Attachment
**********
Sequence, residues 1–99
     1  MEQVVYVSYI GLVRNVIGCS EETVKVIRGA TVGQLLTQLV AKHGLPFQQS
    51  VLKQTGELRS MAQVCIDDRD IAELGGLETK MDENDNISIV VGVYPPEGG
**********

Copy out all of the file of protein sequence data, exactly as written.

Sequence, residues 1–99
     1  MEQVVYVSYI GLVRNVIGCS EETVKVIRGA TVGQLLTQLV AKHGLPFQQS
    51  VLKQTGELRS MAQVCIDDRD IAELGGLETK MDENDNISIV VGVYPPEGG